No, Collins is unique. She is the only senator who staked her continued presence in the Senate (forgoing a run for governor) on bridging the divide between the parties and who vowed to protect the Obamacare exchanges. What she got was a promise from Senate Majority Leader Mitch McConnell (R-Ky.) to pass two partial offsets that would mitigate some of the harm done by repeal of the individual mandate. She also at the time stated that she’d have a vote on those bills in hand before voting for the tax bill. She doesn’t have that promised vote and likely won’t get the bills through the House (which objects to anything shoring up Obamacare). Collins nevertheless will vote for a bill that included repeal of the individual mandate without receiving any offset. Her vote in that regard is no different from that of other Republicans who vowed to rip up Obamacare root and branch. Her constituents and local media are understandably very upset with her.
She might not like the characterization that she was “duped,” but there is no other way to describe the “deal” she made to secure her vote on a bill that does harm to many of her constituents, perhaps pricing them out of the individual insurance market.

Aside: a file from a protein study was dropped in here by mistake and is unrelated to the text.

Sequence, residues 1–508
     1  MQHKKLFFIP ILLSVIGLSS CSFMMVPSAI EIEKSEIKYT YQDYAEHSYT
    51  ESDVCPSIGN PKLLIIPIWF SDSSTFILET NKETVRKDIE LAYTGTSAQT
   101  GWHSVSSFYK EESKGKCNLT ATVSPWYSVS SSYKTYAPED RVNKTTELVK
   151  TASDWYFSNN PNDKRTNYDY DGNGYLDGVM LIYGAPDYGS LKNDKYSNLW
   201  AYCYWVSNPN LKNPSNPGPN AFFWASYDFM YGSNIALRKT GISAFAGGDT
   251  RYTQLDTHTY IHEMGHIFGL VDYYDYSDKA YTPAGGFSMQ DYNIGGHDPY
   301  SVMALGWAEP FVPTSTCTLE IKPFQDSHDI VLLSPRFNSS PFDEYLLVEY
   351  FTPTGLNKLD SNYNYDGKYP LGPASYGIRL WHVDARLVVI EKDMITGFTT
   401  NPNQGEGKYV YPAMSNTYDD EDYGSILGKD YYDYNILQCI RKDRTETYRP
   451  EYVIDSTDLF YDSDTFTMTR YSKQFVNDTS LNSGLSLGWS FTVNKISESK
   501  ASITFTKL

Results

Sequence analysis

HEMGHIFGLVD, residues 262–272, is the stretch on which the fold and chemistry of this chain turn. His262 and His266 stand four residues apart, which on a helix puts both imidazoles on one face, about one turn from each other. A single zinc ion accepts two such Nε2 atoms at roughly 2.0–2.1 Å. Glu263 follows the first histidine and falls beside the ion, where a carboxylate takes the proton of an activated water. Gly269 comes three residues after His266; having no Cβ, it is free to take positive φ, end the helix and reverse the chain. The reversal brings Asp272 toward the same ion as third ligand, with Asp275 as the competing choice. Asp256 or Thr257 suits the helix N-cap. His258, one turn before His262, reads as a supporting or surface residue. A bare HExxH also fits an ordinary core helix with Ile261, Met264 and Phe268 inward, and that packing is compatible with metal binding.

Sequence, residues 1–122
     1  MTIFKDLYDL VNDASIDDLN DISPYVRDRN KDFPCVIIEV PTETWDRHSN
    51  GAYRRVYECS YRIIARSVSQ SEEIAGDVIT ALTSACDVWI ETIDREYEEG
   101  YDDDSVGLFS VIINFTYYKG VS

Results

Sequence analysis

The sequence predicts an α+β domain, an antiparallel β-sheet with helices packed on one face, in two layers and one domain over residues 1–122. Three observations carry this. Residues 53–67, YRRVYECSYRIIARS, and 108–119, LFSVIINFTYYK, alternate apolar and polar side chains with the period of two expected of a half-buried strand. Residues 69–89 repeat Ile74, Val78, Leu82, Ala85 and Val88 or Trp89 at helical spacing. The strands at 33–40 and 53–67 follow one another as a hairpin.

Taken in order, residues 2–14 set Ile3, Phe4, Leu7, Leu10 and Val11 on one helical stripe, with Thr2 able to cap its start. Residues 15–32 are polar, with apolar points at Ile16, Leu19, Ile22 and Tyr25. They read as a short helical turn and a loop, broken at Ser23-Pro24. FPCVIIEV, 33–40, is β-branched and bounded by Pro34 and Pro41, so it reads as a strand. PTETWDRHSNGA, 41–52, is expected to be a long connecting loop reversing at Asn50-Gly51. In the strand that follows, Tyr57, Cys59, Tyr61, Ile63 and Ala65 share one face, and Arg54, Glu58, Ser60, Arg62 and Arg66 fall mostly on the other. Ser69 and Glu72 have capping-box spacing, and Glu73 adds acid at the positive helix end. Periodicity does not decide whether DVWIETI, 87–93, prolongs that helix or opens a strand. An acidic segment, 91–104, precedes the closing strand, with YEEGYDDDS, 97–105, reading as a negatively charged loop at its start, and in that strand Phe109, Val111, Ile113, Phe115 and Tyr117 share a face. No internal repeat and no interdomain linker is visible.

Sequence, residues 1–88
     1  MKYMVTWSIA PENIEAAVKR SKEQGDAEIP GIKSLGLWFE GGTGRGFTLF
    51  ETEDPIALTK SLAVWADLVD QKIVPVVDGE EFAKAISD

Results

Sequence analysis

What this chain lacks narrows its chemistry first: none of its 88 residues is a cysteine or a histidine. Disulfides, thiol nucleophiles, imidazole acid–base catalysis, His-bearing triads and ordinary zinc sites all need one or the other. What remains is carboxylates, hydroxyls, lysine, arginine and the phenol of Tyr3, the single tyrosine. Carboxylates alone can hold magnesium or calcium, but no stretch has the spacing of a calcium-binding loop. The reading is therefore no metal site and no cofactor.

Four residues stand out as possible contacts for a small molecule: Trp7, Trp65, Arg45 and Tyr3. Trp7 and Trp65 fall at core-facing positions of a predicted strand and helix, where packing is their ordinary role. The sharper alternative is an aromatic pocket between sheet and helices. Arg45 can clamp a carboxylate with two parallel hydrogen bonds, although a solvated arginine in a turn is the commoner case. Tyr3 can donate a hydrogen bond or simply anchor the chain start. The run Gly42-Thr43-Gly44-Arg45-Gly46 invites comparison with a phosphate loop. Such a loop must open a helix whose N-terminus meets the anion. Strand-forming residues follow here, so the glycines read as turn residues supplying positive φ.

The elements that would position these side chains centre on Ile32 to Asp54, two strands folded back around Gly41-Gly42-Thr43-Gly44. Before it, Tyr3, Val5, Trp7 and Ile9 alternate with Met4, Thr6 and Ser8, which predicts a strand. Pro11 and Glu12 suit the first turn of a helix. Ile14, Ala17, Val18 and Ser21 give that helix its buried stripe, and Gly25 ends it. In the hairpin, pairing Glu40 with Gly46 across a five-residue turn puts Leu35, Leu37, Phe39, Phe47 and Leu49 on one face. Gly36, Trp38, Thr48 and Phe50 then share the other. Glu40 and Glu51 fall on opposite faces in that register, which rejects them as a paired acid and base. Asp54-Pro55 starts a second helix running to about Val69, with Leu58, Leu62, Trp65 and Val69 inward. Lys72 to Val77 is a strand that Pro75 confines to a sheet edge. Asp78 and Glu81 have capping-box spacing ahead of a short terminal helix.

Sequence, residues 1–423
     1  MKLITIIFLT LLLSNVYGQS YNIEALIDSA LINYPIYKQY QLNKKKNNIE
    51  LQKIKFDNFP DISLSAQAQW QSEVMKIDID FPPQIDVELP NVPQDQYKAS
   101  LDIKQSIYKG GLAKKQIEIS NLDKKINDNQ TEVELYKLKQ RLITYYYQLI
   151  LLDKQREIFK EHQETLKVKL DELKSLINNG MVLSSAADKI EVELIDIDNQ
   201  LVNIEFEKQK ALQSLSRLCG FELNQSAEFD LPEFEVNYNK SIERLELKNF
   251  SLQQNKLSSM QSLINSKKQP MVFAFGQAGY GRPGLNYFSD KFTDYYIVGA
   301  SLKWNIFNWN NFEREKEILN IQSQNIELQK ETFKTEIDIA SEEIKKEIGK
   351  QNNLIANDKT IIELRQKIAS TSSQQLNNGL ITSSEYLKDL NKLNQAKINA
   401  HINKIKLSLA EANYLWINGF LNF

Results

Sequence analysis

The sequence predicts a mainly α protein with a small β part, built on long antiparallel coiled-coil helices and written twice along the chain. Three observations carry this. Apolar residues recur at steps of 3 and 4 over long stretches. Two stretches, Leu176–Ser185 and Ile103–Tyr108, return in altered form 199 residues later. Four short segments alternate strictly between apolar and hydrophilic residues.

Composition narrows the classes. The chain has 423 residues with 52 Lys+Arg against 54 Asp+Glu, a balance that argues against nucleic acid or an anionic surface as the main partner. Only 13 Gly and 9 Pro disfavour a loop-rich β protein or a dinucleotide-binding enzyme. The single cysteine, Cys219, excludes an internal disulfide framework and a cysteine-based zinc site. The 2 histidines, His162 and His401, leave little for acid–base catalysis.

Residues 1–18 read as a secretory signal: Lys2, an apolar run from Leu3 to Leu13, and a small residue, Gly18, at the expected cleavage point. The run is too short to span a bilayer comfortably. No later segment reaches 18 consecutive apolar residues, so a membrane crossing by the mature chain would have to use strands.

Collins wants praise for pressing for unrelated tax changes (e.g. deductibility of state and local property taxes up to $10,000) that she thinks helps her constituents. Those changes have been noted in most stories concerning her vote but do not in any way mitigate the accurate charge that in the tax bill she is voting to inflict damage on the exchanges that she vigorously fought against in the Obamacare bill. It’s for this reason that some have concluded she was “duped.” (She has not helped her cause by falsely citing economists for the proposition that tax cuts would pay for themselves or for incorrectly claiming that the two health-care bills would more than make up for repeal of the individual mandate.)
Listen, if it makes her feel any better, Sen. Bob Corker (R-Tenn.) has been getting plenty of criticism, too, for reversing himself on the bill. If Collins is upset by her fall from grace and loss of the applause she received for defense of the Obamacare exchanges, she has no one but herself to blame.